Reclaiming the Dream

Martin Luther King Day

I find it hard to read about Martin Luther King, Jr. on his day, much less to write about him. My heart is too full, still, of memories of him, and of the years of struggle following his assassination. This year, though, it seems especially important to reflect and to reclaim the dream of an America-that-could-be, a dream he preached so clearly, a dream still so far from realization in our America-that-is. I read three reflections that moved and inspired me today, and want to share them with you.

The first comes from Heather Cox Richardson, a history professor at Boston College who writes a daily blog called Letters from an American. She writes about heroes, and quotes a passage from the speech Dr. King gave on the night before he was assassinated, which seems especially appropriate today:

“Dr. King told the audience that, if God had let him choose any era in which to live, he would have chosen the one in which he had landed. ‘Now that’s a strange statement to make,’ King went on, ‘because the world is all messed up. The nation is sick. Trouble is in the land. Confusion all around…. But I know, somehow, that only when it is dark enough, can you see the stars.’ Dr. King said that he felt blessed to live in an era when people had finally woken up and were working together for freedom and economic justice….

She concludes:

“People are wrong to say that we have no heroes left.

“Just as they have always been, they are all around us, choosing to do the right thing, no matter what.”

The second blog post comes from Vu Le, a nonprofit leader who blogs with humor and passion at Nonprofit AF. He writes about the work we all must do to bend the “arc of the moral universe” toward justice:

” I know things are dire. I know many of us are exhausted; I am too. Continents are burning; Neo-Nazis are marching; 162 billionaires have the same wealth as half the population on earth. But all of us must get over whatever sense of despair and despondency we feel, because our communities are relying on us. Children and families traumatized at the border are relying on us. Innocent people getting killed because of racism are relying on us. People and animals whose lives will be severely affected by the devastation brought by climate change are relying on us….

“I have to figure out what my role is moving forward. All of us do. We need to stop quoting Dr. King, feeling good about ourselves, and then continuing to do the same old crap that hasn’t worked for generations. We did not get into this field to be ineffective, or to harm the people we are supposed to help. If we are going to bend the arc toward justice, we must each be bold, or get the hell out of the way of the people who are.”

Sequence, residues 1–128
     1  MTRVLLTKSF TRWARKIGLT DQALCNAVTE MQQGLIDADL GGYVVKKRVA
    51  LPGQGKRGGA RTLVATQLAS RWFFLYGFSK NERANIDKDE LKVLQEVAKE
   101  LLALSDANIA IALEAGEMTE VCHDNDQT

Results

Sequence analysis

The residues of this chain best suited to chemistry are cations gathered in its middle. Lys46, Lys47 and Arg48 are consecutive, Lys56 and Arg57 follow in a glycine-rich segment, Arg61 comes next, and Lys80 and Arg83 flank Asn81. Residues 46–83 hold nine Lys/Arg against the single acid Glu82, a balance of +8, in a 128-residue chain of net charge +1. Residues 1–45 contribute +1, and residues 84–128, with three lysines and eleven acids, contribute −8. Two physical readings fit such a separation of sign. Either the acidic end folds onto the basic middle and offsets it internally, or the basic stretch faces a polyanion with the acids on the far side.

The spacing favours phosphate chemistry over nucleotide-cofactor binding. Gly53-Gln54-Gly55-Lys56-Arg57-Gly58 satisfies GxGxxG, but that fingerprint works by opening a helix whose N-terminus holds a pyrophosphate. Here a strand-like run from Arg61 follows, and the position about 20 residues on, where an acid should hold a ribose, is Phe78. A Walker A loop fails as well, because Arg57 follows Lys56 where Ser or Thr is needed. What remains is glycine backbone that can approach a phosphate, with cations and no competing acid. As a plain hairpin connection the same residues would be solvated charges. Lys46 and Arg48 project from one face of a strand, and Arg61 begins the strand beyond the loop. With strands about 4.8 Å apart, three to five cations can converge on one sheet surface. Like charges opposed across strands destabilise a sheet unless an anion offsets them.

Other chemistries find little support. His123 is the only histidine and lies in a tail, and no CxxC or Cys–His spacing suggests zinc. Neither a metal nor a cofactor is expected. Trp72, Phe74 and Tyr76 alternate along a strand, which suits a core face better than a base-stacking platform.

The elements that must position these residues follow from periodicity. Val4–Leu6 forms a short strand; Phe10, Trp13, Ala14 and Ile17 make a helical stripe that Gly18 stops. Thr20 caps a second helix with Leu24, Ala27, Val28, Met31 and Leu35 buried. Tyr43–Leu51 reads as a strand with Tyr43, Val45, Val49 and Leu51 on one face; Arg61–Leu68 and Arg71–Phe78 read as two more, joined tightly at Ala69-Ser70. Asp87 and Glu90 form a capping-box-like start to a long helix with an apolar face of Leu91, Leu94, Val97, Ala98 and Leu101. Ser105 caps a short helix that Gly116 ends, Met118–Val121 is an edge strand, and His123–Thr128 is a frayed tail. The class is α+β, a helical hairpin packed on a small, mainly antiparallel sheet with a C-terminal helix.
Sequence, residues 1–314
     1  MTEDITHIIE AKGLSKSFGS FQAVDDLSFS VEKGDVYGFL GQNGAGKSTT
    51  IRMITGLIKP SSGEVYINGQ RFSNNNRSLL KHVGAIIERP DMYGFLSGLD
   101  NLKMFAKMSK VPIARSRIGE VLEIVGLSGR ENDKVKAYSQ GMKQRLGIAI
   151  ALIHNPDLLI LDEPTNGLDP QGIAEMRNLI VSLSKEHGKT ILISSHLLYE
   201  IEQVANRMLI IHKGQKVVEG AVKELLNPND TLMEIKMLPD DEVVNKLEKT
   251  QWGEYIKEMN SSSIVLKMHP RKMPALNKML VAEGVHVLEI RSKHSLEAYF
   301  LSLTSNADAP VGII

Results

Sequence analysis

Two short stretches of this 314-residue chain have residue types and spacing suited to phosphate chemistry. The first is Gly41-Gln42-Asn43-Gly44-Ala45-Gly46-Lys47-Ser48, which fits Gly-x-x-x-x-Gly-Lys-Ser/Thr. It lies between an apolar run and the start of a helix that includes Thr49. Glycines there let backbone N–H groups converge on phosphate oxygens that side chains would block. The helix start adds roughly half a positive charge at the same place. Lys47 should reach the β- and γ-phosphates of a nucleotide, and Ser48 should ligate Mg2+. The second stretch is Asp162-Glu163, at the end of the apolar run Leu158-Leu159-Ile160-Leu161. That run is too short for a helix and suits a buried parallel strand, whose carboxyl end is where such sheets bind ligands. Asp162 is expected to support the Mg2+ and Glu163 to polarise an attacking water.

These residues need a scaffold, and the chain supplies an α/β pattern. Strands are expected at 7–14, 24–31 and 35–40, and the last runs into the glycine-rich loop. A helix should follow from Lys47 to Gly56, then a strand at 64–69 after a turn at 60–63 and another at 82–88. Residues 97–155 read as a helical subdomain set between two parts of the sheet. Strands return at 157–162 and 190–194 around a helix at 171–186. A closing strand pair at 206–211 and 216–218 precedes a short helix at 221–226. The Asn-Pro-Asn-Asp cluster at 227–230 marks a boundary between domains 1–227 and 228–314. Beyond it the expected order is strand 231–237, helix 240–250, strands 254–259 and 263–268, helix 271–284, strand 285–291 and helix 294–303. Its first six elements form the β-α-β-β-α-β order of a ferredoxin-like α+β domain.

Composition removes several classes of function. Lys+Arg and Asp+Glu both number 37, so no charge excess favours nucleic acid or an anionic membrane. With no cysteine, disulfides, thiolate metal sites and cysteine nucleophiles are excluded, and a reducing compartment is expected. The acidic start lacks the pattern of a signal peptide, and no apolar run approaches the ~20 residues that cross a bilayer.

For some very specific suggestions, check out the blog post: It’s 2020: Be bold or get the hell out of the way.

Finally, Michelle Alexander looks back over the ten years since her book, The New Jim Crow, was published, and ahead to the work that lies before us. Her book addressed mass incarceration and specifically, the mass incarceration of people of color that resulted in the United States having the highest incarceration rate in the entire world.  Her op/ed column in the New York Times offers an incisive analysis of the intersection of racism, mass incarceration, and mass deportation:

“In recent decades, the system of mass incarceration has stripped away from millions of U.S. citizens basic civil and human rights until their status mirrors (or dips below) that of noncitizen immigrants within the United States. This development has coincided with the criminalization of immigration in the United States, resulting in a new class of ‘illegal immigrants’ and ‘aliens’ who are viewed and treated like ‘felons’ or ‘criminals.’ Immigration violations that were once treated as minor civil infractions are now crimes. And minor legal infractions, ranging from shoplifting to marijuana possession to traffic violations, now routinely prompt one of the nation’s most devastating sanctions — deportation….

“White nationalism, at its core, reflects a belief that our nation’s problems would be solved if only people of color could somehow be gotten rid of, or at least better controlled. In short, mass incarceration and mass deportation have less to do with crime and immigration than the ways we’ve chosen to respond to those issues when black and brown people are framed as the problem.”

Each of these writers offers a clear and devastating critique of the present moment, but none of them despairs of the future. Instead, they sound a call to action, to take up the struggle and to reclaim the dream. That’s a message for today and every day.

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